Posted February 03, 2020 03:29:00 Google Analytics is a great tool for building data-driven healthcare applications, but its primary benefit lies in providing a platform to connect healthcare organizations and clients to the most relevant data.
In this post, we’ll walk through how to use it to build data-rich visualizations that help healthcare organizations to identify the most appropriate data sources for their clinical trials.
The goal of this article is to walk you through the process of building a data visualization using Google Analytics, and to show you how to get started with the tools and data you need to create it.
If you’re a Google Analytics user, you’ve likely already built some visualization tools, or are considering building one.
But if you’ve never used Google Analytics before, we’ve written a quick introduction to the tool.
This article is also available in: Chinese, Dutch, English, German, Italian, Portuguese, Spanish, Swedish, Turkish, and Vietnamese.
You can also access the complete source code and a live demo of this visualization here.
Let’s get started!
First, let’s build a data visualizer using Google.
First, create a new Google Analytics account for your clinical trials using the link below: Create an account with Google Analytics If you’ve already created an account, go ahead and create a free account for yourself.
Once you’ve created a free Google Analytics Account, you’ll have access to the tools that you need, and will have a chance to sign up for Google Analytics.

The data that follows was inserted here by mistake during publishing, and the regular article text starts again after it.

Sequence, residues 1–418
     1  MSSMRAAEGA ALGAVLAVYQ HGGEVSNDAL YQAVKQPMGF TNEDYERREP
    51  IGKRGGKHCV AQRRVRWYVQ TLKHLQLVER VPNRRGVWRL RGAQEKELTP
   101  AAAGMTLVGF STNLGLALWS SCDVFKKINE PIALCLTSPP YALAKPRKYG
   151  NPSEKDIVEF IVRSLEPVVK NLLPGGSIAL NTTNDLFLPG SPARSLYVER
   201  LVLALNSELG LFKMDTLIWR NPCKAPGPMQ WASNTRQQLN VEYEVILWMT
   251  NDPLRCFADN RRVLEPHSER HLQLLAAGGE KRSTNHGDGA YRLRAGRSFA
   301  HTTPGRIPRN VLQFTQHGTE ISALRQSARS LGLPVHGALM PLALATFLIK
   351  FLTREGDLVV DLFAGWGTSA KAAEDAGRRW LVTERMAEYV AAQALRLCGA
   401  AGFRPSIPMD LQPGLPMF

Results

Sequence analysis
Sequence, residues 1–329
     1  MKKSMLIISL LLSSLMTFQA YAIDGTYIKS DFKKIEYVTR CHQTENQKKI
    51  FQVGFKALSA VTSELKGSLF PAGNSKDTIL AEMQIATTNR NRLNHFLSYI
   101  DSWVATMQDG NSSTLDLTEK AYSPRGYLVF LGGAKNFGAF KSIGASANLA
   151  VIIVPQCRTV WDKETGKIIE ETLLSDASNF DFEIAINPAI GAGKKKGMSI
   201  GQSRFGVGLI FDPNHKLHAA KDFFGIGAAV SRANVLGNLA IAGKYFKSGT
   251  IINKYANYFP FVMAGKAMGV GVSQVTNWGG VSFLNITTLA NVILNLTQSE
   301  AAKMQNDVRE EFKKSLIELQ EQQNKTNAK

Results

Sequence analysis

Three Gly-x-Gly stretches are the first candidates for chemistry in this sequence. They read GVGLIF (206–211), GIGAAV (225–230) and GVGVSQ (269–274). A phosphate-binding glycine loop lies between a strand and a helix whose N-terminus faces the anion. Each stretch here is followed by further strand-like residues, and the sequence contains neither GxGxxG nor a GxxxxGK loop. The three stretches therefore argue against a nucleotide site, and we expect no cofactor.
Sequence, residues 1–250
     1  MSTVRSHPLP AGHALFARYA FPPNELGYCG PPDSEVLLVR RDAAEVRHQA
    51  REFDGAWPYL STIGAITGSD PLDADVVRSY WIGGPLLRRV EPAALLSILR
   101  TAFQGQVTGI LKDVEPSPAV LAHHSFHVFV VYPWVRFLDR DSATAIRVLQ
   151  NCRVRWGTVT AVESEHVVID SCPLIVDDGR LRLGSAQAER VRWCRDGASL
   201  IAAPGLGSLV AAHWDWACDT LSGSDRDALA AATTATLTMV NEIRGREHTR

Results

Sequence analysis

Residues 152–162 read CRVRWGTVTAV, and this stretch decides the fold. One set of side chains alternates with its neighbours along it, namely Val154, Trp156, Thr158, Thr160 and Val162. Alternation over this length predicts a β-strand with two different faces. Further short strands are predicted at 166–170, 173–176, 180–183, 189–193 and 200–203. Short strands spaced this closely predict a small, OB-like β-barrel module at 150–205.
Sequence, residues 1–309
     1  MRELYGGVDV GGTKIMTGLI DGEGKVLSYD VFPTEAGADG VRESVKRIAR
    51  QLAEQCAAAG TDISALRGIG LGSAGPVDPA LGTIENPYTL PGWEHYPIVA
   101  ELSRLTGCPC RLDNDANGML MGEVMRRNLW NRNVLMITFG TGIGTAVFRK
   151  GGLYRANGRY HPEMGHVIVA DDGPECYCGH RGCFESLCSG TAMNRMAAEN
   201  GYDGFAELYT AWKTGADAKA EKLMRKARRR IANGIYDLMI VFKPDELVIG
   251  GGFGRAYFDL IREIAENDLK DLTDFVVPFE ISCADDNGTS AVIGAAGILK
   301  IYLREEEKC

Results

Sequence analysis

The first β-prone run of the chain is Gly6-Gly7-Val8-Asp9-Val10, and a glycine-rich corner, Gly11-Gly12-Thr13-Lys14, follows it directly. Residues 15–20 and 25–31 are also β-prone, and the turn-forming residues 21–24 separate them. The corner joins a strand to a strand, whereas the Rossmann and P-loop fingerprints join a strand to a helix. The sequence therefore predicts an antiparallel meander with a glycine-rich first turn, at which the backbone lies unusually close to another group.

If not, you can sign up with a paid account here.
To do this, open the Google Analytics dashboard, and select the “Analytics” tab: You should now see a new tab labeled “Tools” next to the “Google Analytics” tab.
Click the “+” icon to add the tools to your dashboard.
Select “Analytic” and add the data visualization tools that were added to your account.
Now click “Add” to add this visualization to your Google Analytics profile.
You’ll see a dialog asking you to confirm the new settings.
Click “Add”, and then click “Continue” to proceed.
Next, add the visualizations you created using Google’s Analytics tools.
The first visualization that you added should be the “Data Visualizer”.
Select the “Visualizer” tab, and then select “Add Visualization”.
Choose the visualization from the drop-down menu that appears: Select “Data Sources” from the “Add Source” drop-box, and choose the data source that you want to visualize.
Click next to continue.
This visualization should be available in your dashboard: This visualization looks like this: Now that you’ve added the visualization, click the “Edit” button to edit it.
You should see this dialog: Select the visualization that was added to the dashboard, click “Edit”, and check the box next to “Edit Data Sources”.
Next, you should see the “Next Visualization” dialog.
You’re now ready to add a new visualization.
Select the new visualization, and click “Next” to begin the visualization process: Select a visualization type, and the visualization should now appear in your visualization editor.
Click in the “View” area of the editor, and you should now have a list of available visualizations: The first visualizer that you have selected should be “Data Source”: Now you can go ahead with the next visualization: Select another visualization type and select “Visualization”: This visualization appears in your visualizer: The next visualization should appear in the editor: Click “Finish” to save your visualization.
Finally, you might notice that the visualization has an “Authorized Users” box: Click this box, and a pop-up window should appear: You can now remove this box to add your own visualization to the visualization: Now, you have a visualization with your own data, and it should be visible to everyone in your Google analytics dashboard.
You’ve now created a new data visualization, but the real work is done when you add a visualization to Google Analytics using Google Maps.
If your visualization is displayed in Google Maps, you will see the following pop-ups: The visualization should automatically update when it updates with new data: